The Choke Points of Power
After centuries of naval domination the West faces geopolitical changes centred on shipping lanes vital to world trade.
Filmmakers: Alexandre Trudeau and Jonathan Pedneault
On one side, there is the US in decline. On the other, there is an emerging China.
In the middle, there are the maritime routes crucial for the export of oil, such as the Strait of Hormuz in the Arabian Gulf.
Ocean-borne trade is the foundation of the global economy, and the Middle East is a hub for world shipping. The sea lanes in this region narrow into what are called choke points, which are keys to regional control.
“After the war [World War II], the US was in a position essentially to work out ways to organise and control the world …. It’s control. You want to control because it does yield a substantial measure of world control,” says Noam Chomsky, of the Massachusetts Institute of Technology.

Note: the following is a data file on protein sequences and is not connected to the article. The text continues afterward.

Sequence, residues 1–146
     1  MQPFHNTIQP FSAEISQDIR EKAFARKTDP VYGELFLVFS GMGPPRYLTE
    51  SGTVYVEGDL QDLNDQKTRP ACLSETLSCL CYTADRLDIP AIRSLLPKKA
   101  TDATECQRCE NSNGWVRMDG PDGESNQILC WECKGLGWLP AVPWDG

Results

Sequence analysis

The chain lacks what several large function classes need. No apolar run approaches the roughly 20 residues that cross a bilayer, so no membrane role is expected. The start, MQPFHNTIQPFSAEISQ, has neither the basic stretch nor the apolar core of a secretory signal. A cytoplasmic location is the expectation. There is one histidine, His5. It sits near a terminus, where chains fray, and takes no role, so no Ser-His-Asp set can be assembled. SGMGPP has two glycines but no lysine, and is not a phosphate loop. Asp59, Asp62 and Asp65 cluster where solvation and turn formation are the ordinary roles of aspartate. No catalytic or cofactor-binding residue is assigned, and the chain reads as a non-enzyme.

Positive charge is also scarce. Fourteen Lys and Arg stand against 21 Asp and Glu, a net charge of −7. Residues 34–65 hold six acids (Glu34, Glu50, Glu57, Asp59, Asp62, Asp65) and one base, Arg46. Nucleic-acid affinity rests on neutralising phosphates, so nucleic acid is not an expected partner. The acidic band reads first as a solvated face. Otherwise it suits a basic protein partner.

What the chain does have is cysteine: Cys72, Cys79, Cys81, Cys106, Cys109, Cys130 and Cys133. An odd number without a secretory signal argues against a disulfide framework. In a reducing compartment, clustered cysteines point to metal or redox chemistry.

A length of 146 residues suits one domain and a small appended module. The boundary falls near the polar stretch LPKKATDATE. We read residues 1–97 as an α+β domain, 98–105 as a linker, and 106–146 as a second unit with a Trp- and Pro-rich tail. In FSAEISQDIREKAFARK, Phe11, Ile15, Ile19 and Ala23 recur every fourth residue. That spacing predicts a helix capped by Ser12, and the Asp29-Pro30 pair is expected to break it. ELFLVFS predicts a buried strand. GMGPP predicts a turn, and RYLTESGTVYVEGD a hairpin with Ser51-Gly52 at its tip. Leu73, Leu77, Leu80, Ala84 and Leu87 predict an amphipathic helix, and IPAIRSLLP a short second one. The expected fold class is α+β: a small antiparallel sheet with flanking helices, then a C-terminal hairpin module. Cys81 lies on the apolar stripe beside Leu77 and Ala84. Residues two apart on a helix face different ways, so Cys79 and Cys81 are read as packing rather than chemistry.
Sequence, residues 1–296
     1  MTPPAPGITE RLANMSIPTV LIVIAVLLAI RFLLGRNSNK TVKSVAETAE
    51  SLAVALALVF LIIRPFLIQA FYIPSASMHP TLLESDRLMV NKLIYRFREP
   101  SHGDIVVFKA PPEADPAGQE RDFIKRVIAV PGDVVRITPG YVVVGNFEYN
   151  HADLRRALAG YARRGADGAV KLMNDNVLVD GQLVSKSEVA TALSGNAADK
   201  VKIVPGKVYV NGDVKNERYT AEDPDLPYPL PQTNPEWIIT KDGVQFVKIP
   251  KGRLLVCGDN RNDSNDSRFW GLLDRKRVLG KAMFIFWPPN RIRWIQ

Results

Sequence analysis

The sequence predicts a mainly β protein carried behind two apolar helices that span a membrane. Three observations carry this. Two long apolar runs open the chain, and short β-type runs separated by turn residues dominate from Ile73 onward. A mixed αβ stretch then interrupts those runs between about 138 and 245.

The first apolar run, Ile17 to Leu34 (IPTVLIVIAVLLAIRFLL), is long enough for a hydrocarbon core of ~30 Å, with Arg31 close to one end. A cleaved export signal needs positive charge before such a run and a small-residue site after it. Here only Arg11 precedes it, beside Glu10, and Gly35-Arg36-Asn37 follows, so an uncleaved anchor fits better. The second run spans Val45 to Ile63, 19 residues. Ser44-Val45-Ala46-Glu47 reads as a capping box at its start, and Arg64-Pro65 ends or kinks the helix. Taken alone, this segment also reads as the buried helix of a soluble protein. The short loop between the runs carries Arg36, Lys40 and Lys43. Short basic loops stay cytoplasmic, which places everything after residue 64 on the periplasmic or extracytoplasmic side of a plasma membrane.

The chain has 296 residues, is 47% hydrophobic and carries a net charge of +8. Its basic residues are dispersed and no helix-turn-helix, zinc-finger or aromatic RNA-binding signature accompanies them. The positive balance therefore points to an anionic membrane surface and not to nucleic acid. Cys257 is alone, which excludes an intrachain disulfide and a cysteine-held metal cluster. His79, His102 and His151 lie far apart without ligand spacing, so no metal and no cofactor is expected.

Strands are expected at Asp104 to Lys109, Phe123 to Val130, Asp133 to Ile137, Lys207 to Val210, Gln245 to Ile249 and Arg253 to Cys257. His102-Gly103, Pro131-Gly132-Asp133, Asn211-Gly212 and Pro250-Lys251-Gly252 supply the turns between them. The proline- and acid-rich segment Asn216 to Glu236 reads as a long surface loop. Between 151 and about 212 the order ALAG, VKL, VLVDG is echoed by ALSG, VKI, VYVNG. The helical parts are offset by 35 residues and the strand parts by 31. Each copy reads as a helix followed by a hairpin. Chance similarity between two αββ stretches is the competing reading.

About 20 per cent of the world’s oil supply passes through the Strait of Hormuz. The rivalry between Iran, Israel and the US make it a flashpoint.
To the southwest, the Gulf of Aden ends at the Bab el-Mandeb strait, a hunting ground for Somali pirates, and pirate hunters.
Both are part of an ongoing drama which hints at an unravelling of Western domination in the area.
To the north, the Suez Canal is the gateway to the Mediterranean. For decades the West controlled Egypt and the canal.
But all this is changing.
“After 500 years of Western domination, we are slowly going back to an age of indigenous control …. The US navy has gone from 586 warships during the Reagan era to 286 warships now,” says Robert D Kaplan, of the Center for a New American Security.
There are new players and new agendas in the Middle East that need the region and its oil. Their ships have multiplied and their influence grown. And the interests of the Chinese now brush against those of the Americans.
From Libya to Iran, from the waters of the Mediterranean to the pirate coast of Somalia, a new great game for control is unfolding.
Al Jazeera spent three years documenting the West’s declining control of the strategic waterways of the Middle East. They discovered a region in flux – with new players both locally and globally – who want in. The focus, as always, is oil.
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